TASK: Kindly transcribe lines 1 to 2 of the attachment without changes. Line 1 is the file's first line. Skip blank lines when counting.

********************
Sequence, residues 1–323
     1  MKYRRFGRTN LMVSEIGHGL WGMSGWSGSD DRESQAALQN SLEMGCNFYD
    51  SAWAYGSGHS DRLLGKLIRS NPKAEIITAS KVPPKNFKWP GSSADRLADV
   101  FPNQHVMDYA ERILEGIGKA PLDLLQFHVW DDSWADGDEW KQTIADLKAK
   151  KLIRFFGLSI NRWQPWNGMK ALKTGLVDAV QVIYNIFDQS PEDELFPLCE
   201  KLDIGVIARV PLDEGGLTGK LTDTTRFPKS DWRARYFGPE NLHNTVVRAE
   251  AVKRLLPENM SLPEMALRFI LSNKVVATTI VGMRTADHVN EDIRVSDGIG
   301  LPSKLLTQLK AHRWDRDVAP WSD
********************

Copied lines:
Sequence, residues 1–323
     1  MKYRRFGRTN LMVSEIGHGL WGMSGWSGSD DRESQAALQN SLEMGCNFYD